Manatee County School Board in time pinch to respond to state audit findings

eearl@bradenton.comDecember 11, 2013 

MANATEE -- The Manatee County School District is mapping out a plan to face the State Auditor General's 33 suggested operational improvements from the first half of an audit released Dec. 3.

The report contained a total potential financial impact of $9 million for the district.

Don Hall, deputy superintendent of operations, said every state finding has been assigned to a staff member to verify and determine any necessary corrective actions. Some state claims are repeat findings dating to 2005.

"I cannot comment on what previous staff did, but in this case the past is coming back to us for us to answer," Hall said. "It is one of the realities we have to face. We will work through it in a reasonable way to address concerns and make sure none are repeated in following years."

The second half of the audit will be released by the state Wednesday, which will add to the school district burden.

Audit findings already include more than $4.1 million in questionable sales tax spending, another $1.4 million in questionable ad valorem tax revenue spending and another $1 million in questioned spending from construction bonds, state board of education bonds and other funds earmarked for capital projects.

The school district also failed to return more than $728,000 to the state as required, according to the audit. The school district also reportedly misspent money from the workers' compensation fund leaving it with a $1.7 million deficit, according to the audit.

The Manatee County School District has until Dec. 20 -- a week from Friday -- to contest state findings and issue a plan to repay any money it owes the state. The district also must rebuild its own funding to state-required levels and remediate other audit findings, which include lax technology security controls.

The district has three options in responding to the state audit:

• Refute the finding with evidence it is flawed.

• Present a plan to mitigate some or all costs to the district.

• Without supporting documentation, the district must give an action plan for how it will move forward.

School board member Karen Carpenter said she is concerned about the staff members handling the corrective plan.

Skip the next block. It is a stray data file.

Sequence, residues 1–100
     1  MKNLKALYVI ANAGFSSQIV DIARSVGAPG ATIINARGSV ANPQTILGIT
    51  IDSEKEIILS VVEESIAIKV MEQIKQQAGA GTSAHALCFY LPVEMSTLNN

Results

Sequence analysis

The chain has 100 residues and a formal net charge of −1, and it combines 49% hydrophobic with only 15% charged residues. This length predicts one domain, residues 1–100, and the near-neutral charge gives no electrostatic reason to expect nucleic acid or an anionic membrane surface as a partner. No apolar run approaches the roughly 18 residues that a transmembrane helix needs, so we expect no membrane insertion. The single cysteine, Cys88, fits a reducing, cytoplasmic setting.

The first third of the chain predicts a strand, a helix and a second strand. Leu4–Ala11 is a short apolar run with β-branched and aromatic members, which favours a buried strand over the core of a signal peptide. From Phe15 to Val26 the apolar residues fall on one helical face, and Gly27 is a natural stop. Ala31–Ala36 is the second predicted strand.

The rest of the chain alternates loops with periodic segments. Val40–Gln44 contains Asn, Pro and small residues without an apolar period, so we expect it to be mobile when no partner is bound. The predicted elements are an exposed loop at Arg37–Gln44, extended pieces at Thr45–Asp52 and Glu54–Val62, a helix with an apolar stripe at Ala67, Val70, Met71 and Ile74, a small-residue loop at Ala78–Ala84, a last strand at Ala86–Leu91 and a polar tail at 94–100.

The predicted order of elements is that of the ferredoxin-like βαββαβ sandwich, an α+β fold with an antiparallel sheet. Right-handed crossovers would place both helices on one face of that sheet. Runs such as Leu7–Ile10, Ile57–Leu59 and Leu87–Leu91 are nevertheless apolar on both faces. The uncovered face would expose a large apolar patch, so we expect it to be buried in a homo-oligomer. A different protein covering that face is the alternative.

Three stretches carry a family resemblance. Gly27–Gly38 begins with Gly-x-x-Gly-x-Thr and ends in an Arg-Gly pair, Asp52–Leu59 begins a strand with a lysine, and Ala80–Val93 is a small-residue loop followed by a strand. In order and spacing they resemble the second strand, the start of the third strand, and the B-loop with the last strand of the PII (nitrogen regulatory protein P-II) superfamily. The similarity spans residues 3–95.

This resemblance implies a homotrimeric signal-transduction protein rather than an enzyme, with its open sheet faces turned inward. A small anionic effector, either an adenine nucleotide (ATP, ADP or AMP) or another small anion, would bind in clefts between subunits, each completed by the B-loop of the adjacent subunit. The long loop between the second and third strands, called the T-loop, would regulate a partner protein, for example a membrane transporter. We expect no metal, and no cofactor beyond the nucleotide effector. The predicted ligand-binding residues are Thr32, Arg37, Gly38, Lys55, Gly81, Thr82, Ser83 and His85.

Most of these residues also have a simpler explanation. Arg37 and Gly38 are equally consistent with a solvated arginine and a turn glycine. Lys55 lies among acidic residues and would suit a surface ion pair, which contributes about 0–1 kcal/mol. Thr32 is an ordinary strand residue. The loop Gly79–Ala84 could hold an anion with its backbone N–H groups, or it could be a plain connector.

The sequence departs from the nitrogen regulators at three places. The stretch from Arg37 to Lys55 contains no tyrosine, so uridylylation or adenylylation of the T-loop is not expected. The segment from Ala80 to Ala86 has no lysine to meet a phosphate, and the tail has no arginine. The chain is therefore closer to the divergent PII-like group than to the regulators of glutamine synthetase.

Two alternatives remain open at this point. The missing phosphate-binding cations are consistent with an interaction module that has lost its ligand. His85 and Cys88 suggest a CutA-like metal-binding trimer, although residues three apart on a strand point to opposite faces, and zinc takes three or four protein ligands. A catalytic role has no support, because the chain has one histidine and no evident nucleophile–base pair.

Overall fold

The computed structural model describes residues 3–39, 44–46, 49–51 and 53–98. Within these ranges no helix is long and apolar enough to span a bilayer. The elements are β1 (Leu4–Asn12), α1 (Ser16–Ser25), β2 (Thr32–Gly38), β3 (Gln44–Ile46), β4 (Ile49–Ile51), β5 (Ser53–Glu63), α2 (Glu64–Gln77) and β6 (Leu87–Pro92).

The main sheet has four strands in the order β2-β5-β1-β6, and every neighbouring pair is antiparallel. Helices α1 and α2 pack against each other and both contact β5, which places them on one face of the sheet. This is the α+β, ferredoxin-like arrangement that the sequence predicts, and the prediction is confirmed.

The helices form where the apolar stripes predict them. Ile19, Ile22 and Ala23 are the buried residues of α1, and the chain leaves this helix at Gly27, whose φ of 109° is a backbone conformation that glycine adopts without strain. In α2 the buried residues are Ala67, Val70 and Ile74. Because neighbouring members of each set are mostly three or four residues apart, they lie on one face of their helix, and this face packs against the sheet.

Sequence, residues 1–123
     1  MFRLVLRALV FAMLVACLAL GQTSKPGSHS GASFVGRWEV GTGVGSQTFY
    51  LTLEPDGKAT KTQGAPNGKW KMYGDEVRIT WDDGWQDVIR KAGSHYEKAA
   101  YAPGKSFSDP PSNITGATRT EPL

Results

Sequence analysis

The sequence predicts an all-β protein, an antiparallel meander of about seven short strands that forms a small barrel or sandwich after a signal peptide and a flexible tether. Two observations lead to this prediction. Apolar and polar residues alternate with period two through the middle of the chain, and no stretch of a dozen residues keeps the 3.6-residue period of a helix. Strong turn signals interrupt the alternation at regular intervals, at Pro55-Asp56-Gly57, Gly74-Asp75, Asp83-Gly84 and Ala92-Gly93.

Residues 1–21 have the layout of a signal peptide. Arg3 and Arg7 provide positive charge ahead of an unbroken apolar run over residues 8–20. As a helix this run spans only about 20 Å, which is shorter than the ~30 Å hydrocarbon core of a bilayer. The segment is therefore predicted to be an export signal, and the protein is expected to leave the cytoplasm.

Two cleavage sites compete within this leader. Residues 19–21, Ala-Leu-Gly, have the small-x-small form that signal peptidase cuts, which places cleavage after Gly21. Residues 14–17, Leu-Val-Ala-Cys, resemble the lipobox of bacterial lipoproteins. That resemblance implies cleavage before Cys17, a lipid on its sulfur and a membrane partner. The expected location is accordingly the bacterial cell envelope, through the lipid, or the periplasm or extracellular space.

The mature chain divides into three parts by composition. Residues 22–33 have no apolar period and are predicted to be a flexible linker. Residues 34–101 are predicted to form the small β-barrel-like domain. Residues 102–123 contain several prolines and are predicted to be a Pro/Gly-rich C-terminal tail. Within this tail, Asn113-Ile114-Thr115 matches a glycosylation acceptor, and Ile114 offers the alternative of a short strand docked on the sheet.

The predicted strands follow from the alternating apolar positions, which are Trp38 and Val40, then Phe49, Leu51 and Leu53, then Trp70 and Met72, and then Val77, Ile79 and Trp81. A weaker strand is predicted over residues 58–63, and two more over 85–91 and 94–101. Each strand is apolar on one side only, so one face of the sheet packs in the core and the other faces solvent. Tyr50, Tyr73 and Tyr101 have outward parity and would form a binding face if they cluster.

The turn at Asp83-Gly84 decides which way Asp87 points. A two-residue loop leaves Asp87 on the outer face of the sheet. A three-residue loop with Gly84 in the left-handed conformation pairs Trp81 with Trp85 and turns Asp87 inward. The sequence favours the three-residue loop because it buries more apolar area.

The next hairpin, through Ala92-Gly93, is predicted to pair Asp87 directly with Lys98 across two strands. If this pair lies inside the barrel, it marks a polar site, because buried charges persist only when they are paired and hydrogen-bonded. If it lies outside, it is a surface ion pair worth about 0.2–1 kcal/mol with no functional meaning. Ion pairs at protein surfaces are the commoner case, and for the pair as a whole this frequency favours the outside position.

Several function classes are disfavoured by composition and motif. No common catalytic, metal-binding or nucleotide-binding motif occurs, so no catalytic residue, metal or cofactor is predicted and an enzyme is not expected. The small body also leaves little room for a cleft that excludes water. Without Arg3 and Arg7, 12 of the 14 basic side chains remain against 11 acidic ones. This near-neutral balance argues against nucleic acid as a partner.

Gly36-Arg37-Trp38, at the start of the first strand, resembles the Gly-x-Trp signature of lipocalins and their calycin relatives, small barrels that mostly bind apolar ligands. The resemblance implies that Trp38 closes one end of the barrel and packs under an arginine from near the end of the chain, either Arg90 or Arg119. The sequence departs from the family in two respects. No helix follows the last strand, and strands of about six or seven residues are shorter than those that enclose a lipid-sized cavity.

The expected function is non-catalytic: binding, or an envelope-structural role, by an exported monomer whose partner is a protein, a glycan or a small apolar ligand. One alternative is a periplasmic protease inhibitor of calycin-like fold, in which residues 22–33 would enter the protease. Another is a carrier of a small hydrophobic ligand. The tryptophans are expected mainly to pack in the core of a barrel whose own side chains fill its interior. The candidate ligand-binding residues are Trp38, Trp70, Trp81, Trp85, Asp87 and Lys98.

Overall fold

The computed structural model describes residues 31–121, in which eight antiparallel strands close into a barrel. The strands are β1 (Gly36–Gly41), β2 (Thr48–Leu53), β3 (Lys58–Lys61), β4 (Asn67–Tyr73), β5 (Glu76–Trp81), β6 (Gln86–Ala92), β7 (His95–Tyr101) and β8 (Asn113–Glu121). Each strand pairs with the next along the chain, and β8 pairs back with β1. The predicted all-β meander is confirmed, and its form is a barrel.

"I hope no one who had responsibility in the areas that had findings will be assigned to fix it," Carpenter said. "I want to underscore that if someone made an error in the past, they really shouldn't be in charge with fixing it. People are rightly upset."

Hall said specialists or directors in each area of state concern will work on the response.

The Manatee County School Board will meet at 3 p.m. Dec. 18 to further discuss the audit. Hall said the district's corrective action plan will be made available next Tuesday morning.

"We have had an issue in the past of missing state deadlines," Hall said.

School board vice chairman Dave "Watchdog" Miner said the district has also struggled with documentation.

"We did not document, and that was repeated in the report," Miner said. "There was not good record-keeping by the district. We cannot show we were doing the right thing. How is this allowed?"

Hall also provided a table showing how much money was carried over in certain funds, worksheets from the last two years and state allocations matched with actual school expenditures.

Last year, Manatee County schools spent more money than the state sent and balanced the budget using the district general fund.

This year, Hall said school finances are on track to get back in the black. However, teachers have not yet been paid advanced placement bonuses, which usually come out around Christmas time.

"We are not providing bonuses until we have the money," Hall said. "We are not estimating."

The district announced it will hold a strategic planning meeting Wednesday. Miner said the strategic planning session is unnecessary.

"This has not been well-administered. It does not take a committee when what we know is staring us in the face," Miner said. "What is the purpose?"

Miner said the meeting ties valuable people, such as internal auditor Byron Shinn, up for a few days.

Shinn said communication between the school board and audit committee must improve. The next audit committee meeting is 3 p.m. Wednesday.

The State Auditor General's financial and federal grant audit, the second part of the state fiscal review, will be released Wednesday.

Superintendent Rick Mills has said he expects similar funding difficulties to be outlined in the second audit.

Erica Earl, education reporter, can be reached at 941-745-7081.

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